Although ADEA leadership development programs are open to all members, allied dental educators often lack the institutional financial support that facilitates participation in leadership programs that require travel or a major time commitment. This new offering aims to fill that gap.
Meanwhile, just last month, 20 ADEA members traveled to Florida to take part in the inaugural programming for the ADEA Leadership Institute Phase V—an opportunity for institute alumni to reinforce networks, strengthen relationships and engage in further leadership development. Participants had high praise for the three sun-filled days they spent exploring the nature of the physical universe, contemplating virtues that can guide leadership, discussing colleagues’ professional challenges and envisioning their own personal pathways.
Looking ahead, ADEA staff are working on creating a cutting-edge program specifically for new dental school deans. A growing number of dental educators are taking unconventional paths to their leadership positions, and many have requested additional professional development and support.
ADEA also offers less formal ways for its members to develop their leadership skills. As Diane Hoelscher put it when we spoke recently, “The ADEA Leadership Institute gave me what I needed to move into a position as a chairperson, but ADEA also provided me with a great opportunity to lead in the Association.”
Diane first became involved with an ADEA Special Interest Group and served on its board. Seeing that leadership positions within the Association were both “very doable and rewarding” whetted her appetite for more. She was elected as a representative to the ADEA Council of Faculties, served on the Council’s administrative board and eventually became Board Director for Faculties. She found that experience unusually rewarding and instructive. “When you’re doing it, you’re learning by doing,” she observes, “and you’re learning in a way that sticks with you.”
Experience has also been a powerful teacher for ADEA Senior Scholar in Residence Leo Rouse, D.D.S., FACD. Most of you know Leo from his service as President of the ADEA Board of Directors. What you may not know is that Colonel Rouse had a distinguished 25-year career in the U.S. armed forces and served as Commander and Chief Operating Officer of the U.S. Army Dental Corps before becoming a civilian dental educator.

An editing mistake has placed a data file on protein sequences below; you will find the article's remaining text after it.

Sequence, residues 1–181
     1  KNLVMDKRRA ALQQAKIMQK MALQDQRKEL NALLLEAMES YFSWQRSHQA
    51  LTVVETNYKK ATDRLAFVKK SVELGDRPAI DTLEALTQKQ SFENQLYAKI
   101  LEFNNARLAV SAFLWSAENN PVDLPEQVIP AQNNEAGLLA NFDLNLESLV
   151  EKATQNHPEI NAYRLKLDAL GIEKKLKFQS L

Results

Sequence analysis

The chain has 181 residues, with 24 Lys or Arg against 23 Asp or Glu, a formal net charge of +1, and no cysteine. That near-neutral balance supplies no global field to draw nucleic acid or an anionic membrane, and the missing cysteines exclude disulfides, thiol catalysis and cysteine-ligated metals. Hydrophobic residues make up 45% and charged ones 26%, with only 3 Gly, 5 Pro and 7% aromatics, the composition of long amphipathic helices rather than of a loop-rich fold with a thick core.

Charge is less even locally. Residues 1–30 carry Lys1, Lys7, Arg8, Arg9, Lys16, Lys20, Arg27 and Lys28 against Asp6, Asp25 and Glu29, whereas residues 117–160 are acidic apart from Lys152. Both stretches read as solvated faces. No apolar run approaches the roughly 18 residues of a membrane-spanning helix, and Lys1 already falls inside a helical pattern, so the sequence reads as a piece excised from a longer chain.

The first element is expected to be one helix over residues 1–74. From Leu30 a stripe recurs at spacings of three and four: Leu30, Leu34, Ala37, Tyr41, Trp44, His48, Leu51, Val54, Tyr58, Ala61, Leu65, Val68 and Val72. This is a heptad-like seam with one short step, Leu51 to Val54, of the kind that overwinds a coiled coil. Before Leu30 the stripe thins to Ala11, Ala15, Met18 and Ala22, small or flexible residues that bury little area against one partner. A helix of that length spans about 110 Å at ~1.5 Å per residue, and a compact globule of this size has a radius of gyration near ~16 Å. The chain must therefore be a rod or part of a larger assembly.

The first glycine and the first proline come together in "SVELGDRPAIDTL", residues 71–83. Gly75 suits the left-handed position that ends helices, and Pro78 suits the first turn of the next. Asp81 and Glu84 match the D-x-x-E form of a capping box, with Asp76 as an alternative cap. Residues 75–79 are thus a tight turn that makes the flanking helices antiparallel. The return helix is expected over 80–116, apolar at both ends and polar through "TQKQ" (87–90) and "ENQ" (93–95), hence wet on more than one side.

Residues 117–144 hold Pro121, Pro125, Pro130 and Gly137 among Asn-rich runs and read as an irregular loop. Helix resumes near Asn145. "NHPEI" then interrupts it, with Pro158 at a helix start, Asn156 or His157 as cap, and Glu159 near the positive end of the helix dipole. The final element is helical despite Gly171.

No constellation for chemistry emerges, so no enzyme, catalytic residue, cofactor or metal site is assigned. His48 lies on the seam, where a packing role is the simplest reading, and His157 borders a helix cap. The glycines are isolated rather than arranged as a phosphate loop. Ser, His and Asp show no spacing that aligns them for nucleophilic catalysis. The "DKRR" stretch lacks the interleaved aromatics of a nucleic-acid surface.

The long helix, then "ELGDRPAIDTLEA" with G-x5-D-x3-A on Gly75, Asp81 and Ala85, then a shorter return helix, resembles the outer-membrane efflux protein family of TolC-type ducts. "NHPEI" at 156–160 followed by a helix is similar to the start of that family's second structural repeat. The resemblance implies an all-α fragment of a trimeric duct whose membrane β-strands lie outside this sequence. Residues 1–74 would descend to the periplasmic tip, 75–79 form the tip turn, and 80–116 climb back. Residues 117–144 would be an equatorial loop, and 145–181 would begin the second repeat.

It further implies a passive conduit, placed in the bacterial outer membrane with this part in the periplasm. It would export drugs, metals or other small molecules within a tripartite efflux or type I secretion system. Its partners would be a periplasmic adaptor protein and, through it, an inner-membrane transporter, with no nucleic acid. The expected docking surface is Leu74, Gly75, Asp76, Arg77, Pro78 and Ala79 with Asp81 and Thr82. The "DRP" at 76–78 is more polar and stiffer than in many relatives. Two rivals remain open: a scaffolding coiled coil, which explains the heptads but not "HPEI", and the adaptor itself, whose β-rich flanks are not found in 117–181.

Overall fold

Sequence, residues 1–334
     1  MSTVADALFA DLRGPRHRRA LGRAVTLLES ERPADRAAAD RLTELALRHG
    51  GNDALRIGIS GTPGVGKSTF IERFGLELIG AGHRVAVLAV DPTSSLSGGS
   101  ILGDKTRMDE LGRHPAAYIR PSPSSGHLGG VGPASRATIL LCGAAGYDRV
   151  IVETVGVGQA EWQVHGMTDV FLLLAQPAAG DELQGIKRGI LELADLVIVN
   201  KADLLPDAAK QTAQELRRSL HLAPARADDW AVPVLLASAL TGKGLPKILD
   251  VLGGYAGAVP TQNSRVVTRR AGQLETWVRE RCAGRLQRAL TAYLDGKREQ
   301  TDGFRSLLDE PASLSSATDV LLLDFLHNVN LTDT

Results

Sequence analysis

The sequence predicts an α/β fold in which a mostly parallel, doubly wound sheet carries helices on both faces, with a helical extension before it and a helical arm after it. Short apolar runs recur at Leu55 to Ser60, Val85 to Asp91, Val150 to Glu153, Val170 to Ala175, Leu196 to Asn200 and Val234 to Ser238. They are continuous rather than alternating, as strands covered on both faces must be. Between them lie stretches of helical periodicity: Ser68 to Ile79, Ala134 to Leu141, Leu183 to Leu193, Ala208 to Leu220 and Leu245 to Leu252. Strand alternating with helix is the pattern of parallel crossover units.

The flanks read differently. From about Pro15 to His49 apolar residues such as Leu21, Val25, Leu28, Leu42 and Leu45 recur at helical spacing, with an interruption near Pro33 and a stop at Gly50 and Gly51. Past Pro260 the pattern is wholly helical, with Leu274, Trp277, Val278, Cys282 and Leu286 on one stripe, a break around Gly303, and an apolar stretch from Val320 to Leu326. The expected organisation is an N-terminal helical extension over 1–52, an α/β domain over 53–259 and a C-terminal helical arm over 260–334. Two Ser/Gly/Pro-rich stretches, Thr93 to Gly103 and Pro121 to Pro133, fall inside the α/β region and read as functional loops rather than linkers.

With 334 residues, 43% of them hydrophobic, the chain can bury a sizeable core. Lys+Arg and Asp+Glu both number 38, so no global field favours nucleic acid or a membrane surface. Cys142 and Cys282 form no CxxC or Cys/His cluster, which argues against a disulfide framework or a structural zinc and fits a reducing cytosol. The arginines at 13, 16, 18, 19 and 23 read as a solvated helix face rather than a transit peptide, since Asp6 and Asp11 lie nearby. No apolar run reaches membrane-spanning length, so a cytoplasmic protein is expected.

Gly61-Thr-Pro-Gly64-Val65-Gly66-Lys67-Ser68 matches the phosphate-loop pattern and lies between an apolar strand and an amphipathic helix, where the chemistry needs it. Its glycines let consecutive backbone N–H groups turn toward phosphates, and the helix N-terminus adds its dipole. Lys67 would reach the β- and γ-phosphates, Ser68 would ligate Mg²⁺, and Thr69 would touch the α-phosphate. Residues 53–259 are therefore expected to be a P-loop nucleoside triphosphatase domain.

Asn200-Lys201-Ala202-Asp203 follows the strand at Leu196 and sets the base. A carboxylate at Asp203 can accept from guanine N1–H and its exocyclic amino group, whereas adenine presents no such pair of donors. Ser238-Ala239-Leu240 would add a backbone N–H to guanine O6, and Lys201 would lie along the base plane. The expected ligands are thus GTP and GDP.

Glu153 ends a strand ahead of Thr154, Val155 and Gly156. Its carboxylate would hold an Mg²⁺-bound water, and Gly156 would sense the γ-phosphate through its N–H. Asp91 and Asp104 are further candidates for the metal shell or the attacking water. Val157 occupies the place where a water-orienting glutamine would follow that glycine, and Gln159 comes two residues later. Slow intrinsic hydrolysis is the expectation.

No one is more passionate about the value of leadership than Leo. The former Dean of the Howard University College of Dentistry puts that passion to work by mentoring a cohort of ADEA Leadership Institute fellows, an experience he calls one of the greatest of his professional life.
“Leadership is about the two Cs, communication and collaboration,” Leo says, “and how you look for the good in every person, especially those who may feel they don’t have the requisite skills to do certain things.”
When I asked Leo what lessons about leadership dental education could take from the military, he was quick to focus on mission.
“In academe,” Leo told me, “you have two missions: to educate students and to provide quality, safe patient health care. But faculty and administrators don’t always focus on the macro picture. Often times we think in terms of silos.”
Leo attributes his success as Dean to encouraging faculty to keep the college’s larger mission in view, and he urges other dental educators to keep an eye on the big picture, too. I share that view. No matter where each of us stands in our careers, leadership means remembering that we are part of a larger whole. Whether that entity is our class, our department, our program, our college or our university, we need to ask how we are contributing to the well-being of that whole and how our actions might influence its trajectory moving forward.
As Diane put it, “Leadership is important because of where we want to go and what we want to see happen. Change is a reality in life, but we want to be leading change in the right direction. The more leaders we have in the ranks of dental schools and allied programs, the more capacity we will have to realize our vision for the future.”
I couldn’t have said it better myself.
Next month, many of us will meet at the 2016 ADEA Annual Session & Exhibition in Denver to collaborate on “Shaping Tomorrow, Together.” I hope to see you there.
Related content from previous issues of Charting Progress:
– Who Will Teach The Next Generation?
– Wanted: Jack of All Trades and Master of Many
– From 0 to 13 in 13 Years: ELAM’s Impressive Track Record in Preparing Women for Leadership
– Tomorrow’s Leaders: Made, not Born